Jump to content

Apple and Pear Brandy Production Differences


Recommended Posts

Can someone explain the Pros and Cons of different ways of fermenting on Apples and Pears. We have the ability to have someone press the fruit for us and ferment on the juice. It is a little time intensive and have questions regarding flavor profiles of the distillate when fermented on the juice, in relation to fermenting with the apples in the mash. I'm am new to Brandy production and don't have much experience mashing the fruit.

We have the ability to pulverize the apples and add to our mash tank which is direct steam injection.

Can someone explain some processes for mashing on apples, rather than just using the pressed juice. As well as pros and cons for different techniques?



Link to comment
Share on other sites

Fermentation with a single, aggressive, "domesticated" strain is fast and effective. That being said, I don't personally favor it when it comes to fruit brandy. Wild fermentation, if done properly, can allow a more subtle, nuanced profile that expresses the fruit without the influences most people describe as "Strong-liquor" like.

To make a predictable wild ferment, take a small amount of the unwashed fruit and prepare a starter by putting it in an anerobic space with allowance for gas to escape - this could be something as simple as a small bottle or ziplock bag with a small corner just slightly open -- then add more of the fruit you are going to eventually ferment to keep the starter alive. Once it is a large, healthy starter, mash the rest of your fruit and pitch the starter into it.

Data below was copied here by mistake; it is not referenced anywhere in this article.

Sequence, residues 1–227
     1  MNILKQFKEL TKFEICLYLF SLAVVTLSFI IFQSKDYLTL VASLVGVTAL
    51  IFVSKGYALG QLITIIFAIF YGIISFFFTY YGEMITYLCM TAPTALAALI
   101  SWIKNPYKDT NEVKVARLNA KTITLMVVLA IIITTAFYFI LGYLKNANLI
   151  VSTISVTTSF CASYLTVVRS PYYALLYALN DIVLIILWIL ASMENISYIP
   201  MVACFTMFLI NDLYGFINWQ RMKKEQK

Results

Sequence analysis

The caveat is that as with any wild ferment, there is a risk that they do not attenuate as well or will produce polysaccharides as a response to the rising alcohol content, thus lowering yields. Keeping the potential alcohol low will prevent this from occuring.

In terms of actual distillation, both apple and pear are distilled on "Light lees" in Calvados country. To make a judgement on what amount to keep within the ferment/still, think of it in terms of Grappa versus brandy - One is very woody tasting, the other light and fragrant. Apple peels have a unique taste, if you chew on them alone. If you distill with all of the lees and mash in, you'll certainly have more influence from the skin and seed. If you distill with a small amount of the lees in - about a quarter of the original leftover apple pulp/skins/etc, and press the juice of the rest, you'll have a more balanced profile that features all aspects of the apple. Either way, I don't agree with distilling completely clarified juice with no pulp. It simply won't produce the same profile.

For pear, personally, I actually like to keep the entire mashed pears, fermented fully, within the still, without removing anything. The pear's skin is much more subtle in taste and adds a pleasant countryside (can't think of another term) sort of aspect that is difficult to obtain without it.

Link to comment
Share on other sites

Create an account or sign in to comment

You need to be a member in order to leave a comment

Create an account

Sign up for a new account in our community. It's easy!

Register a new account

Sign in

Already have an account? Sign in here.

Sign In Now
  • Create New...